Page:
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English Quality of Life and ways in which British people think and act

In the famous “Thinker” of Rodin, a Frenchman. The pose, with one elbow on the opposite knee, is a most uncomfortable one, though the sculptor’s skill makes it seem calm. Foreigners remark sarcastically that it shows how the French twist themselves into knots when they think, and there is a saying, “Every Frenchman is a thinker, unfortunately; and no two Frenchmen ever think the same thought.” This last is a hit at the well-known Gallic love of argument. Well, what do the French say about their critics, the foreign Thinkers? “The Germans sweat when they think. They try so hard, and—they shouldn’t.” It means that the Germans laboriously spin out great spider-web systems of thought, ending up hopelessly entangled in them. It is the vast theory-systems of Hegel, Marx, Freud and so on, which are so complicated that people get confused, and which contradict each other. The English have produced …

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Japanese Logic from the English Heart of Tradition

Periodically in the British newspapers there is a quotation from some Japanese official report on Japanese educational standards. Sometimes it is said that the standard in mathematics is very high compared to that of the rest of the world, but that the standard of logical thinking is weak. For instance, the students were set to complete a number of sentences, and only about 60% managed to do this satisfactorily. The others completed the sentences in a way that showed that they had failed to understand and then extend the thought of the sentence. Some explanations are suggested by the Western newspapers, obviously copied from a Japanese commentator. It is often said that the effort of memorizing the kanji must result in a weakness in comprehension. Mindless memorization is supposed to be a handicap to logical thinking. However, I have never been convinced by this. Traditional Indian education has always stressed …

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Warukuchi from the English Heart of Tradition

It is difficult to translate the Japanese word warukuchi into English; as often in translation, there is no exact equivalent. The dictionary gives various words: abuse, slander, calumny, defamation, scandal, backbiting. But no single one of them is exactly right. Abuse has the sense of shouting, coarse language, and insult. But warukuchi is not necessarily in coarse language. Slander carries the nuance of a lie; the reply to an accusation is often: That is a slander.’ The meaning is, that it is a spiteful lie. Warukuchi may be true. Calumny is a purely literary word, and now very old-fashioned. No one would say it in conversation today. Defamation is a legal term, and only a lawyer would use it. Scandal refers to some incident. To say of a man that he is as slow as a tortoise in his work could not be called scandal, though it would be warukuchi. …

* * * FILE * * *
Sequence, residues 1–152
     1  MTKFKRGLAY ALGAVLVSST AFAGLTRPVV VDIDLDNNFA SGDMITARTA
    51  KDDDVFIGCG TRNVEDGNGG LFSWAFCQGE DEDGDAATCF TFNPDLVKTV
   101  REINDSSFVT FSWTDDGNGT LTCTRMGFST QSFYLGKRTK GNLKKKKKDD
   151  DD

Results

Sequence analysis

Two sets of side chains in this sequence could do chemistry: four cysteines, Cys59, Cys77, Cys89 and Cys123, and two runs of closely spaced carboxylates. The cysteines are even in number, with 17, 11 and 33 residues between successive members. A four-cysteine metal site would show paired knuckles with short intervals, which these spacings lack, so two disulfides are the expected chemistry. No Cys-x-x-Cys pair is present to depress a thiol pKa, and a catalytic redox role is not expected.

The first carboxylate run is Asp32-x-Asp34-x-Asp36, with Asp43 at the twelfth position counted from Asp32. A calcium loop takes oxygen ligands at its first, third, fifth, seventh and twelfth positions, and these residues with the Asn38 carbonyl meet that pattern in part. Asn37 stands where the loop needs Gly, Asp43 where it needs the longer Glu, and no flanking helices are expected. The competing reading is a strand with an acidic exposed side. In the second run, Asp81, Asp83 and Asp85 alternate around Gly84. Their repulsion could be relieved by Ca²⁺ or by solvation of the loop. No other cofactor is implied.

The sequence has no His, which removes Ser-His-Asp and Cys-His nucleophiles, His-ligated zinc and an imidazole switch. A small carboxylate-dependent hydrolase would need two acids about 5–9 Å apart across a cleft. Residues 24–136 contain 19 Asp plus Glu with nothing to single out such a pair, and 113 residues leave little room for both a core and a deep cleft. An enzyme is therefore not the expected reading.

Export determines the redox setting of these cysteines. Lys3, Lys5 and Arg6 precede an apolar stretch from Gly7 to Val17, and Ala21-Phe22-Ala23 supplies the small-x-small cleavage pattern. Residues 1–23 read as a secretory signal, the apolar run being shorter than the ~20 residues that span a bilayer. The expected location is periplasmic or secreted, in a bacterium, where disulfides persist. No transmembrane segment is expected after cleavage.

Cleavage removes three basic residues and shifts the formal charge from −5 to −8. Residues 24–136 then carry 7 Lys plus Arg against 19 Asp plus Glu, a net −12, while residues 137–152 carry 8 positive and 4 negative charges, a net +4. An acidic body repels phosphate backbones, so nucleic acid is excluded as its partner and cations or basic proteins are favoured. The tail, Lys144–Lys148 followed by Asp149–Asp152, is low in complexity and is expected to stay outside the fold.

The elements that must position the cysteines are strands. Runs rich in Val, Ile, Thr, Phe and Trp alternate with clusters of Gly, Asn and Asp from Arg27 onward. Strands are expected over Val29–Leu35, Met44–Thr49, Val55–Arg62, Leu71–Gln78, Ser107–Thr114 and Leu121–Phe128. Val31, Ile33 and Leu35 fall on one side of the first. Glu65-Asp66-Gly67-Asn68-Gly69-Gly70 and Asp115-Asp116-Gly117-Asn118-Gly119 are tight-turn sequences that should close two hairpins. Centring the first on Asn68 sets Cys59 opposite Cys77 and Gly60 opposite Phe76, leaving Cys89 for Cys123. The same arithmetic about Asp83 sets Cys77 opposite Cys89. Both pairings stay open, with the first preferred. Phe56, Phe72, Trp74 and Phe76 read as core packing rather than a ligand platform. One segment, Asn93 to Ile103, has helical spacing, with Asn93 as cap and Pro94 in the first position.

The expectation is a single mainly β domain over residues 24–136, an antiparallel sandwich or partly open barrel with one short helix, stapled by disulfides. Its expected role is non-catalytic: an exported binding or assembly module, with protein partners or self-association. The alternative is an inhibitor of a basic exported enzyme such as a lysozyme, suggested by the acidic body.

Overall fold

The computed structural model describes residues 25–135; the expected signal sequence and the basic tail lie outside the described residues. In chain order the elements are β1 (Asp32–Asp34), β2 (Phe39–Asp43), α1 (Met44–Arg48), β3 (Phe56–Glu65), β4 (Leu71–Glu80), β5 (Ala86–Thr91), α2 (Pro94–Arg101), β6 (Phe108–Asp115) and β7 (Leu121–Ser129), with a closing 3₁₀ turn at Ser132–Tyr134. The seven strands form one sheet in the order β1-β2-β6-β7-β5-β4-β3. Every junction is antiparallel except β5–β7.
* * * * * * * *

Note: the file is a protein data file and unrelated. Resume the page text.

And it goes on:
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It Likes That from the English Heart of the Tradition

When we are small children, we ask a great many questions, and some of them are very difficult to answer. The parents do not know what to say; often they do not know the answer themselves. For instance, a small child asks his mother when out on a walk: “How high is the sky, Mummy?” That is a difficult question: in fact, there is no actual answer, because the appearance of the blue bowl above us is an illusion. But that would be too difficult to explain to a small child. So Mummy usually tries to distract the child’s attention: “Look at that man over there”, she says; “he’s holding his walking-stick in his left hand. Nearly everyone holds it in the right hand. Let’s look at the people and see how many of them are holding their stick or their parcel or umbrella in the left hand.” It is …

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North-South-East-West from the English Heart of Tradition

In the British Broadcasting Corporation weather forecasts, the English phrase ‘here and there’ comes often. For instance, a forecast may say: “The snow which fell in the north of England yesterday has now mostly melted, though there are still some patches of snow here and there.” When this is translated into Japanese, ‘here and there’ becomes ‘achi-kochi’. So the Japanese expression puts ‘there’ first, and then says ‘here’, but the English puts ‘here’ first, and adds ‘there’ afterwards. It is not only English that gives first place to ‘here’. The Germans say ‘hier und da’, and these German words are in fact the originals of the English ‘here and there’. If the German is spoken quickly, it sounds like the English, and if the English phrase is spoken quickly, it sounds like the German. The English and German sound alike when they are spoken, though when they are written, the …

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Losing to Oneself from the English Heart of Tradition

Do you hate to lose in a game? Most Japanese seem to. There is a passage in Kawabata’s novel Meijin, where the great master of igo gives a few lessons in shogi to an American tourist when they are on a train journey. The American is a beginner, and has no chance of winning at all. But he is keen to learn, and they play a number of games. The Japanese meijin is astonished how after each defeat the American just smiles and sets up the pieces for another game. The Japanese master cannot under- stand why the American feels no mortification at continually losing. Well, that American had a good idea of sport, in which one has to try very hard, but then be perfectly calm in victory or defeat. This sporting spirit, as it is called, is a good training for life, but it must be admitted that …